The Supreme Court properly compelled the Clerk to record MERS mortgages (seeKlostermann v. Cuomo, 61 NY2d 525, 539). In short, the Clerk has a statutory duty that is ministerial in nature to record a written conveyance if it is duly acknowledged and accompanied by the proper fee (see Real Property Law §§ 290[3], 291; County Law § 525[1]). Accordingly, the Clerk does not have the authority to refuse to record a conveyance which satisfies the narrowly-drawn prerequisites set forth in the recording statute (see People ex rel. Frost v. Woodbury, 213 NY 51; People ex rel. Title Guar.& Trust Co. v. Grifenhagen, 209 NY 569;Matter of Westminster Hgts. Co. v. Delany, 107 App Div 577, affd 185 NY 539; Putnam v. Stewart, 97 NY 411).

Similarly, Real Property Law § 316-a (1), which only applies to the Suffolk County indexing system, provides that the Clerk must record and index “[e]very instrument affecting real estate or chattels real, situated in the county of Suffolk, which shall be, or which shall have been recorded in the office of the clerk of said county . . . pursuant to the provisions of this act.” Pursuant to Real Property Law § 316-a(2), the Clerk must maintain the indexes so they “contain the date of recording of each instrument, the names of the parties to each instrument and the liber and page of the record thereof” (see also Real Property Law § 316-a[4] and [5]). Thus, the Clerk’s duty to index recorded instruments is mandatory and ministerial in nature.

Contrary to the Supreme Court’s determination, there is no valid distinction between MERS mortgages and MERS assignments or discharges for the purpose of recording and indexing. Pursuant to Real Property Law § 321(1), the discharge document may be signed either by the mortgagee, the person who appears from the public record to be the last assignee, or their personal representatives.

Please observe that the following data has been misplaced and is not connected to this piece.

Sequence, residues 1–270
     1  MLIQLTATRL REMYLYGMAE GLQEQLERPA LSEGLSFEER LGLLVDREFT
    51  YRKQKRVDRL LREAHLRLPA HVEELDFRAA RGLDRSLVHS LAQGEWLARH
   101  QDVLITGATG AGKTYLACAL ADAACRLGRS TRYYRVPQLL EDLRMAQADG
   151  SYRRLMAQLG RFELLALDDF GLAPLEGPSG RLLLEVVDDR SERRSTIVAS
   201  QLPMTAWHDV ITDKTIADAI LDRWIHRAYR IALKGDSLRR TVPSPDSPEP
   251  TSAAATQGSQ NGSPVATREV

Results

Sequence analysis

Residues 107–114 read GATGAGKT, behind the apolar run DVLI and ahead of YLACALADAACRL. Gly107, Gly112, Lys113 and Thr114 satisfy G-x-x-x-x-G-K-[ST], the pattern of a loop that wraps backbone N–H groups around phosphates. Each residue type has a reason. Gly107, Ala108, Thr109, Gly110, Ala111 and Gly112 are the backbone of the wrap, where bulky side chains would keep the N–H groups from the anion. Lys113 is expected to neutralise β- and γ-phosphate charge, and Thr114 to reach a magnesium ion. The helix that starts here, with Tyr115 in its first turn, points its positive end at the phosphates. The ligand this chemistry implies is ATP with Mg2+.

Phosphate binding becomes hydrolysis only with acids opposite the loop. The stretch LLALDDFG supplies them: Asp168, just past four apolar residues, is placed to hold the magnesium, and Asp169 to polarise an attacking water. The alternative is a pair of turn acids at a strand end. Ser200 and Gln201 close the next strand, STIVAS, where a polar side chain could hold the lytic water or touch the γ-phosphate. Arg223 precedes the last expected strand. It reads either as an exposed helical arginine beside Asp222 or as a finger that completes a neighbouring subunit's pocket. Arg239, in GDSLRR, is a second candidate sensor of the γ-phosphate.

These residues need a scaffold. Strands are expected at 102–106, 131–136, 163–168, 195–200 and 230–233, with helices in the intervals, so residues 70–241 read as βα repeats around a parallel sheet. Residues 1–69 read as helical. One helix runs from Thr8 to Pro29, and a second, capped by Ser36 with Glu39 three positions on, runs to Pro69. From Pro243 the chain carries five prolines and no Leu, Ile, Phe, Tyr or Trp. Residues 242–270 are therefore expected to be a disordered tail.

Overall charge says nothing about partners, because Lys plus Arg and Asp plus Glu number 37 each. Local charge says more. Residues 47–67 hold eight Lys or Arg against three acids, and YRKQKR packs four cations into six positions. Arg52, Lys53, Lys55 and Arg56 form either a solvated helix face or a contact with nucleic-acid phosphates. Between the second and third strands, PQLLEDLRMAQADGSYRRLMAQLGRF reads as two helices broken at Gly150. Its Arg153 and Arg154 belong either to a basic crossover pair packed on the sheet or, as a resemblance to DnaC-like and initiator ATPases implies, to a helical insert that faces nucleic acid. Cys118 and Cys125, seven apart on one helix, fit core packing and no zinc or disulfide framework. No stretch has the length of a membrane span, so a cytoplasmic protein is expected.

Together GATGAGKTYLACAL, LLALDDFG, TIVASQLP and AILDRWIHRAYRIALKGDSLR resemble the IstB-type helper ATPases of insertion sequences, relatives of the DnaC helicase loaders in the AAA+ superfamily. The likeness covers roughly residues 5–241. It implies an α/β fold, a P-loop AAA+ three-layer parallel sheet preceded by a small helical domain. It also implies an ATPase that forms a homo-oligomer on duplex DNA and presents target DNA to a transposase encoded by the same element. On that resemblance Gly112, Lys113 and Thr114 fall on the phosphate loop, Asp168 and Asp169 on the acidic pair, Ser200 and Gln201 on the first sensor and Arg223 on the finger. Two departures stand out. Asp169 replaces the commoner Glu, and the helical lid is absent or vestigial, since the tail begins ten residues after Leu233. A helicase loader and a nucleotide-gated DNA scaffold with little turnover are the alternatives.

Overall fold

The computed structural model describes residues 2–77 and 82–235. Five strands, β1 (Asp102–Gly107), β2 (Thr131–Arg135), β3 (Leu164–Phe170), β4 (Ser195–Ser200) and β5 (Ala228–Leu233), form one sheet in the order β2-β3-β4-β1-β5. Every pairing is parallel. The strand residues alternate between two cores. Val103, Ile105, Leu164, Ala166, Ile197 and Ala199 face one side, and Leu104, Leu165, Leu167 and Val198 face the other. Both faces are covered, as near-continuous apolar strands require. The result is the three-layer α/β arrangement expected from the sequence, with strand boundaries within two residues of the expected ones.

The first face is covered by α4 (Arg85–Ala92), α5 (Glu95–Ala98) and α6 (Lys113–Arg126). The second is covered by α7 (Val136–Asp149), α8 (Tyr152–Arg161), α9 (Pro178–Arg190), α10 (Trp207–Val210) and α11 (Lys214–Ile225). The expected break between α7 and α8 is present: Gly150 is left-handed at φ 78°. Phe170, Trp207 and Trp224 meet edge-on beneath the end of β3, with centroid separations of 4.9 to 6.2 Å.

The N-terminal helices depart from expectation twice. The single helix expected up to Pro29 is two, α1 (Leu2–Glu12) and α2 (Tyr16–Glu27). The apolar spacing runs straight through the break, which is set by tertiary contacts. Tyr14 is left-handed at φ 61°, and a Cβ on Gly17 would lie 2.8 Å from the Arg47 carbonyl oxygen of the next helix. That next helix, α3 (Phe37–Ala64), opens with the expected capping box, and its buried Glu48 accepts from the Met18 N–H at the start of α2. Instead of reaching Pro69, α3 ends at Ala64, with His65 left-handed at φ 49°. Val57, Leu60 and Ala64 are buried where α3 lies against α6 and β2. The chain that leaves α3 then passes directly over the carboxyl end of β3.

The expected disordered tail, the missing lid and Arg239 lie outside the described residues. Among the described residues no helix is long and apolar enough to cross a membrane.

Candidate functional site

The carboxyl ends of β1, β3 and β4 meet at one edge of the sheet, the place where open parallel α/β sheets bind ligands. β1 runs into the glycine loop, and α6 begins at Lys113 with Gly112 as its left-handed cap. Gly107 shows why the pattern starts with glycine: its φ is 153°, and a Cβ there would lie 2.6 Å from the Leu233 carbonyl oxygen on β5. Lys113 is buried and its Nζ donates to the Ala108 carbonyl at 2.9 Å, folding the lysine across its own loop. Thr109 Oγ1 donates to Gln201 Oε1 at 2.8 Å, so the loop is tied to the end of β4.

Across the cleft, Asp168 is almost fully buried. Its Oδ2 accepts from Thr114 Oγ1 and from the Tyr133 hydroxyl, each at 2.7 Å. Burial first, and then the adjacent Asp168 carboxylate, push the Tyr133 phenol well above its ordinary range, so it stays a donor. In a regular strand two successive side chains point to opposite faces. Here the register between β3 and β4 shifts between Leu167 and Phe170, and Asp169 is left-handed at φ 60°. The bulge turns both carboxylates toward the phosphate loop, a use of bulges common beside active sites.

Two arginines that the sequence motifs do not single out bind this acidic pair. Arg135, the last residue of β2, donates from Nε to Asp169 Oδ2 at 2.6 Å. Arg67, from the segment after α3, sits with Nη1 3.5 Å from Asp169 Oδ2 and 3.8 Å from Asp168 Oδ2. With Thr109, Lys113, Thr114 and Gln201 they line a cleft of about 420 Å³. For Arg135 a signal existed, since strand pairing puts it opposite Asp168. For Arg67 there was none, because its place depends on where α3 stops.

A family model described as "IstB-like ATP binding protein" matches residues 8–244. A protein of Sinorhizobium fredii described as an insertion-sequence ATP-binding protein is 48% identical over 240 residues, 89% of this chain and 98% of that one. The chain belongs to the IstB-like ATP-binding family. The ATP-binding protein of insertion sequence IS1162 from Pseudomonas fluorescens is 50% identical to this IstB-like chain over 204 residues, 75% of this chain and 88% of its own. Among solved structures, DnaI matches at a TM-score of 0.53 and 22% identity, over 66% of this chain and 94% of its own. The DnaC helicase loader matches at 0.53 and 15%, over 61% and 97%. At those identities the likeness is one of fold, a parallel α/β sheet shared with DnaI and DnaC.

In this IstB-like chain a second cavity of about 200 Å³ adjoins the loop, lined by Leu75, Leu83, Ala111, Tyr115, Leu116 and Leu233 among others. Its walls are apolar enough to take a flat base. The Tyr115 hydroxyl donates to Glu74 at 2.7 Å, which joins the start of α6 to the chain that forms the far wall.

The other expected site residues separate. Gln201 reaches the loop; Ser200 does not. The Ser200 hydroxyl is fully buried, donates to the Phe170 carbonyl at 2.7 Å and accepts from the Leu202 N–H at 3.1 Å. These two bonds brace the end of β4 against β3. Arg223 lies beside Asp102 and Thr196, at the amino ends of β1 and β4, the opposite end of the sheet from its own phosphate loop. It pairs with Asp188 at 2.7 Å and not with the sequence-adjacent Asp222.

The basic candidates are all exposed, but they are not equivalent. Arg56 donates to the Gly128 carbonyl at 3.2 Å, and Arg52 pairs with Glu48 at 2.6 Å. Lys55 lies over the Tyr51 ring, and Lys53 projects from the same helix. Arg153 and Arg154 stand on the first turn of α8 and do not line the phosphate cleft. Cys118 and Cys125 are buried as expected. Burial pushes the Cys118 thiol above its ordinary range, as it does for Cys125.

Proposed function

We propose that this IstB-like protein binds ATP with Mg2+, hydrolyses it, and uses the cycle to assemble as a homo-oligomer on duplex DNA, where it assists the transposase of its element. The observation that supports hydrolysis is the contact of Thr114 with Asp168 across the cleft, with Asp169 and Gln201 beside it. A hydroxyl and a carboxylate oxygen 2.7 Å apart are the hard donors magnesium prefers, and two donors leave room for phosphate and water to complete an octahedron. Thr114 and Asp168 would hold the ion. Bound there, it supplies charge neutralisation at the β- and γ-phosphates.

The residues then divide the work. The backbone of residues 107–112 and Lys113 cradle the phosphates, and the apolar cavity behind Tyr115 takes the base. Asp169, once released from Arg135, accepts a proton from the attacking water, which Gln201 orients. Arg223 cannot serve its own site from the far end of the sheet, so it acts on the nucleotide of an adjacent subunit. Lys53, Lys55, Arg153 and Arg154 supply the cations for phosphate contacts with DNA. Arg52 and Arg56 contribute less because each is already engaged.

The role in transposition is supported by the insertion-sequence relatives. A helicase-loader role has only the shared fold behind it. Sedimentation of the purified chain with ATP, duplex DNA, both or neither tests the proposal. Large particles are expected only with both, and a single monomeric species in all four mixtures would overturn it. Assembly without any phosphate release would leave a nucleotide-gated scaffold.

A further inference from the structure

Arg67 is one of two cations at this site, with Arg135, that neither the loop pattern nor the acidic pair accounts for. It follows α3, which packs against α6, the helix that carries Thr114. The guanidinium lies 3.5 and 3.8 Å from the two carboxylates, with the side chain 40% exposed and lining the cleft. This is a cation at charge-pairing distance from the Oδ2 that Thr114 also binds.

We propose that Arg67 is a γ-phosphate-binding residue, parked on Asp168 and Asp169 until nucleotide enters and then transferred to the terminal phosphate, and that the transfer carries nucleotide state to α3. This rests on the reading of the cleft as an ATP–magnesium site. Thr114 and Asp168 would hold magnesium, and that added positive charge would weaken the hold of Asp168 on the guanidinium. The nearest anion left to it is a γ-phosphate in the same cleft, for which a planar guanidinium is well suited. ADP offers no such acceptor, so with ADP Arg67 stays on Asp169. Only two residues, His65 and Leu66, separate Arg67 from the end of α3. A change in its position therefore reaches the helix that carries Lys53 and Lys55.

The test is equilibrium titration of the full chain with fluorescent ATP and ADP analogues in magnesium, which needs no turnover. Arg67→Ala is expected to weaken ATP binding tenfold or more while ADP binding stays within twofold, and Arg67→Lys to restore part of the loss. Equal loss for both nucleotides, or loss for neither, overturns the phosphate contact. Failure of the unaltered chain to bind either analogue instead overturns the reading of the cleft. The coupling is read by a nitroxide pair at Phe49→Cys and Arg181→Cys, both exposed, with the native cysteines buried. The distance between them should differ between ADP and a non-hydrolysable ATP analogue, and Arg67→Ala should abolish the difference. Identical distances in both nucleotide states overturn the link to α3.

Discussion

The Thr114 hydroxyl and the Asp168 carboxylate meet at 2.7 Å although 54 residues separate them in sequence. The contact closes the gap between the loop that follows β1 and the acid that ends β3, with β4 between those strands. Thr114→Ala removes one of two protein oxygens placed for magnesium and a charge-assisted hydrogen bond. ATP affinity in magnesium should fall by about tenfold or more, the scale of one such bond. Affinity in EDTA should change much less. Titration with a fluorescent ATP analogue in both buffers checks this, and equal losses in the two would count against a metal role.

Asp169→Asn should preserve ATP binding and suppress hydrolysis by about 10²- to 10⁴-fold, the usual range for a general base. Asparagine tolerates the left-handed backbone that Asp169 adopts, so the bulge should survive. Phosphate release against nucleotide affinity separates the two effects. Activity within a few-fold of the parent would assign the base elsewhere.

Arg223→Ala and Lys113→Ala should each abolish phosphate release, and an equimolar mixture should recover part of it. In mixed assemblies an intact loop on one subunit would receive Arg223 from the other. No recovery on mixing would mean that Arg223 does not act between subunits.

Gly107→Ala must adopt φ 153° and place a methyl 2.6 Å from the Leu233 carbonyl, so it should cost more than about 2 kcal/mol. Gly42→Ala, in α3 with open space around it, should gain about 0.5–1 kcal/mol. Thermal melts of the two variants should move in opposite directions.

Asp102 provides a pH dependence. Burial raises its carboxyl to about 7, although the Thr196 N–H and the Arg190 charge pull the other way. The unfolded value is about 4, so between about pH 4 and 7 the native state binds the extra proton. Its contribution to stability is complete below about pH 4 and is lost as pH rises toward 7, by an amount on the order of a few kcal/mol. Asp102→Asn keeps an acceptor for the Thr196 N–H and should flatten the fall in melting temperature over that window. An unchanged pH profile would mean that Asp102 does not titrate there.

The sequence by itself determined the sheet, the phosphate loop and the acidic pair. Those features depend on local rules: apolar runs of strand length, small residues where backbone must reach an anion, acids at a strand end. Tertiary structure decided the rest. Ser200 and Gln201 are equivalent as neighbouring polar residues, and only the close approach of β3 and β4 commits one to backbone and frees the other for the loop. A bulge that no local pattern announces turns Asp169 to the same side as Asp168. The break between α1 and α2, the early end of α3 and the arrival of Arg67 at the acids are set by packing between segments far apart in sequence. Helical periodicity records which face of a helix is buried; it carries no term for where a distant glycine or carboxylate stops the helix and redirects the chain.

As the proponents of a motion for summary judgment, Merscorp and MERS made a prima facie showing that they were entitled to judgment as a matter of law by tendering sufficient evidence to establish that they complied with the applicable recording statutes (see Winegrad v. New York Univ. Med. Ctr., 64 NY2d 851, 853Artistic Landscaping v. Board of Assessors,303 AD2d 699). Once this showing was made, the burden shifted to the Clerk, who failed to raise a triable issue of fact in opposition to the motion (Alvarez v. Prospect Hosp., 68 NY2d 320, 324Zuckerman v. City of New York, 49 NY2d 557, 562).

Since this is a declaratory judgment action, the order and judgment must be modified, inter alia, by adding a declaration that the mortgages, assignments, and discharges which name MERS as the lender’s nominee or the mortgagee of record are acceptable for recording and indexing (see Lanza v. Wagner, 11 NY2d 317, 334, appeal dismissed 371 US 74, cert denied372 US 901).



This case might have put MERS in the SPOT LIGHT: MATTER OF MERSCORP, INC. v. Romaine, 295 AD 2d 431 – NY: Supreme Court, Appellate Div., 2nd Dept. 2002

Leave a Reply

Please log in using one of these methods to post your comment: Logo

You are commenting using your account. Log Out /  Change )

Google photo

You are commenting using your Google account. Log Out /  Change )

Twitter picture

You are commenting using your Twitter account. Log Out /  Change )

Facebook photo

You are commenting using your Facebook account. Log Out /  Change )

Connecting to %s

%d bloggers like this: